Sheep farm sells wool products, meat | Spinning workshops in planning stages
McCREARY, Man. — A Romney wether acts more like a dog than a sheep, nudging in for a pat, while three Icelandic sheep huddle together to warily watch the scene from across the pen.
Diana Neuman raises sheep for meat and fibre markets and grows feed with her husband, Terry, and their two teens at Tall Spruce Farm just east of Manitoba’s Riding Mountain National Park.
The 120 head of sheep, which range from Dorsets to Icelandic, feed her passion for spinning and knitting. The family’s quarter section also houses a commercial herd of Rideau-Arcott, North Country Cheviot and Suffolk crosses.
“I love fibre. It’s an addiction,” said Neuman, who started the herd with six animals.
“I love dyeing and colour.… For me, getting sheep was part of a lifelong dream of spinning.”
She couldn’t process enough wool herself so now sends it to Custom Woolen Mills in Carstairs, Alta., which produces the rovings that she sells, spins or turns into finished products such as mittens.
On this blustery day, green wool flaps in the wind like a kite string.
She sells a variety of items at fibre festivals and craft sales — from hats to shawls — but conceded it’s tough going.
“There’s only the odd person who’ll spend the money on wool mitts instead of (at) Walmart’s,” Neuman said.
Both Neumans work off farm: she as a substitute teacher and Terry in road construction.
The livestock business means lots of contact with other producers in the business and gathering helpful tips.
“They’re a resource we’ve learned from. I’m open to learn new things,” she said. “As many sheep producers as you have, that’s as many different opinions you have.”
Hesitation means death in sheep, she added.
“We learned if we think we should intervene, we should have done it yesterday,” Neuman said.
“Procrastination is a bad thing when it’s a health issue.”
Lambing is their busiest time, and the entire family takes time off to pitch in. They chose Dorsets for their calm temperament and mothering abilities and because Canadian farmers produce less than half of the lamb that is consumed in this country.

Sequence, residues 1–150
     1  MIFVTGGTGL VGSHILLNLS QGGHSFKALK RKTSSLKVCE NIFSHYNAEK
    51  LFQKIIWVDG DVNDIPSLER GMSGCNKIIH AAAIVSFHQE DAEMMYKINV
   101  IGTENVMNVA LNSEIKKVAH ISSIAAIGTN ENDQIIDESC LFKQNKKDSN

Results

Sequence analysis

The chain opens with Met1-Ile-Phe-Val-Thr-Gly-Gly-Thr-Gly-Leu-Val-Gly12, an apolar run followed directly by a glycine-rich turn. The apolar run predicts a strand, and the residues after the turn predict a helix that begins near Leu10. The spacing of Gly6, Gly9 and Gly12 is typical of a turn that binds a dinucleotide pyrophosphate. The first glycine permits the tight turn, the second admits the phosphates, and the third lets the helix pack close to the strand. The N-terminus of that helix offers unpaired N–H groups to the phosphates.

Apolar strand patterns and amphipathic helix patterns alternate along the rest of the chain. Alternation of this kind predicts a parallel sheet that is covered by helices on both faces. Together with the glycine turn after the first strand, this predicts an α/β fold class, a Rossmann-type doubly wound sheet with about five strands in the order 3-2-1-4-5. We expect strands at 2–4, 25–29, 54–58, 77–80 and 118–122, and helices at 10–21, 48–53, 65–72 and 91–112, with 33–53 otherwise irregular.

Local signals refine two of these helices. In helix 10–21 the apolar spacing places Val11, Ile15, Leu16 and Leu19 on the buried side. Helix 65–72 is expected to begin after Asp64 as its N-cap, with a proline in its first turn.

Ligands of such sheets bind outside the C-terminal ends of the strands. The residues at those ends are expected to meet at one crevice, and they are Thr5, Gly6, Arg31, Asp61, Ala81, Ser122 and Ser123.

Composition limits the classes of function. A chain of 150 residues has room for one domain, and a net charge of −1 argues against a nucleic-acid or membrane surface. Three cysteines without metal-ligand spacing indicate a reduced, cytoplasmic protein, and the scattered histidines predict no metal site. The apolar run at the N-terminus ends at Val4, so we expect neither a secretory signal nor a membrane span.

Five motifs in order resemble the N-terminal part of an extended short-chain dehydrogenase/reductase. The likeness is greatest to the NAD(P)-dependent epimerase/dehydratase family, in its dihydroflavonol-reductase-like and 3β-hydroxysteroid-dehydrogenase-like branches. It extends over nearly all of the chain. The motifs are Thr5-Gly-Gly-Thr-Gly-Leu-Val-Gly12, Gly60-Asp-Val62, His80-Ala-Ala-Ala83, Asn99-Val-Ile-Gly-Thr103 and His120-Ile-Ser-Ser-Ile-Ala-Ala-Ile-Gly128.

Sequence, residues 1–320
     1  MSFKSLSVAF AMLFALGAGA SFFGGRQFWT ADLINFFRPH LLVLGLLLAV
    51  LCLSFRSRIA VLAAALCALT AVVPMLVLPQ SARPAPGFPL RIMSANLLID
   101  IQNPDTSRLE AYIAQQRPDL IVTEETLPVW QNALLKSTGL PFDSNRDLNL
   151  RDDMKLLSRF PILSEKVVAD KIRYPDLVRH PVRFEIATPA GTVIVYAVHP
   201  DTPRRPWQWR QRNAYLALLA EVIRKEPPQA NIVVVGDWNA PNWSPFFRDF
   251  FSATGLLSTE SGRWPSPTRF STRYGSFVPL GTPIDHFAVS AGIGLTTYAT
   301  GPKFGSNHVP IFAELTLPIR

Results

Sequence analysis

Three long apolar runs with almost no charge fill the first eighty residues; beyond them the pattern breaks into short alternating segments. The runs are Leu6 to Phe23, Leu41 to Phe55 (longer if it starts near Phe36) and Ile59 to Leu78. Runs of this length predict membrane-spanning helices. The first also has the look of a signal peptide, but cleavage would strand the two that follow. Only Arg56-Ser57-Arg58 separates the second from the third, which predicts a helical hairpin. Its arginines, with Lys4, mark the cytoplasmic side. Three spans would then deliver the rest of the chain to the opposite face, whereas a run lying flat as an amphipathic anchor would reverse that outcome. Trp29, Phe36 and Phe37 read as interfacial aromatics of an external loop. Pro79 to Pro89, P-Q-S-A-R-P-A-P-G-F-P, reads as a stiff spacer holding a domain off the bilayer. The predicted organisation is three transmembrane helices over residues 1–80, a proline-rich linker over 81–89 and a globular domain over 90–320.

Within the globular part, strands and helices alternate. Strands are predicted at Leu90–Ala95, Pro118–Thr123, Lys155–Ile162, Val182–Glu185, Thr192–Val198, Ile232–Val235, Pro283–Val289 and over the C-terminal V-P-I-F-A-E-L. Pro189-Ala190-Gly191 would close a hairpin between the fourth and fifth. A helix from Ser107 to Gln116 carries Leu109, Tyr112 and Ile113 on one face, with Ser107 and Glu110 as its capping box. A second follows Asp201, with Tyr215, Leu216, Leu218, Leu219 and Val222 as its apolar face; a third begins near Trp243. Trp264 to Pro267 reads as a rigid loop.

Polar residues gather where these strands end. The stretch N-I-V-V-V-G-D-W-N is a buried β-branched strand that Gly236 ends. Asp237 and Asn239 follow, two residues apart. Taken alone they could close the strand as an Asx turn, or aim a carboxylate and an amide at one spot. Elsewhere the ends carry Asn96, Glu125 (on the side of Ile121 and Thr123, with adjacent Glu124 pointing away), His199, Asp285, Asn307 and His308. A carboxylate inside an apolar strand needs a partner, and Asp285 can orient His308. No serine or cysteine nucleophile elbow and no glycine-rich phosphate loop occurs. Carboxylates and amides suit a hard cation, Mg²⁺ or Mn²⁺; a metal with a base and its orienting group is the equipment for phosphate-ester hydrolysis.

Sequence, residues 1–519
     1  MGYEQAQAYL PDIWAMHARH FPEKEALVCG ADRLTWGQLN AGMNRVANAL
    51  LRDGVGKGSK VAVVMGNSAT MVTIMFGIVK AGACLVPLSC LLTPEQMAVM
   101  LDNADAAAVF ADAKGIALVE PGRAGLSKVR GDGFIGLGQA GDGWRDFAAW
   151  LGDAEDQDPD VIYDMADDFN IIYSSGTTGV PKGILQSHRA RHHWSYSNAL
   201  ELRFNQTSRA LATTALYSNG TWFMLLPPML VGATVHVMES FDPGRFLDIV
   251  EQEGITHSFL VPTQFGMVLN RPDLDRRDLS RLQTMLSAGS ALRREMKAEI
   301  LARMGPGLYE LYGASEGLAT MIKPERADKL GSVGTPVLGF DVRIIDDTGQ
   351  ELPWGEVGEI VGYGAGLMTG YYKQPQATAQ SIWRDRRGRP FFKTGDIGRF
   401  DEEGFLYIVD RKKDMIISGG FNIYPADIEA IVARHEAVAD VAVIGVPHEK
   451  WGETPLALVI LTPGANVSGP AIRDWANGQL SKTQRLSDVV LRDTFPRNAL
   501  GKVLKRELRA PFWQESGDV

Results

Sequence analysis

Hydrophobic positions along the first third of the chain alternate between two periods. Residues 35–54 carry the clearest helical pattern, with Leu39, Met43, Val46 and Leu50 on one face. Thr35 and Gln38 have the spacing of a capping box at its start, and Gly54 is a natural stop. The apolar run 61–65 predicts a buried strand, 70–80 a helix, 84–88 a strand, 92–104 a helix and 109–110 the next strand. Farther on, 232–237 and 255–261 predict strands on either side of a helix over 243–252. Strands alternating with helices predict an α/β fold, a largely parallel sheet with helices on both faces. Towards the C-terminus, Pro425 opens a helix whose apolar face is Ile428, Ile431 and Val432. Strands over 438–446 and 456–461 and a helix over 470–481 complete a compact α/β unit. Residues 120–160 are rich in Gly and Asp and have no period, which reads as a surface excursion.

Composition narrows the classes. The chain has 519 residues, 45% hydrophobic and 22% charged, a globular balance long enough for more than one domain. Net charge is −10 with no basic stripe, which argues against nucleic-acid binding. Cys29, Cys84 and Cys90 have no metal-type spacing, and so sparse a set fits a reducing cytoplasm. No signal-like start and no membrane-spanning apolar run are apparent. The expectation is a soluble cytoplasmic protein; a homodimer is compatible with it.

“I thought I would do my part,” she said.
The Icelandic sheep were chosen for their unique history as well as fluffy fleece that forms soft corkscrew ringlets.
“(The wool) look like haystacks when sheared,” said Neuman.
A shearer arrives ahead of lambing in March, with the animals relying on a barn for shelter and plenty of feed to protect them from cold and wind.
She keeps the best fleece and sells the rest to Canadian Co-operative Wool Growers in Lethbridge.
Buyers who order a meat animal pick it up at Oak Ridge Meats in McCreary, where it is processed.
Neuman would eventually like to have sufficient freezer space available to store meat on the farm.
The Neumans market their animals through flyers, business cards, shows and Facebook.
They are also working on tourism initiatives for the region with other producers.
Initiatives include Open Farm Days, school tours, farm visits, spinning demonstrations, horse trail rides, biking, hiking and wildlife viewing from hunting blinds in the woods. One idea is to host fibre workshops at Tall Spruce and provide accommodation at the French family’s Farm Cottage guest house and bed and breakfast.
“Come out to the country and chill and enjoy the country life,” Helen French said about her farm, where the family raises pigs and cattle.
“We are encouraging people to come and stay on the farm and see how things work. We hope (Riding Mountain) will draw people in. We try to push the eastern side of the park to bring people in because there’s a lot here for people to see.”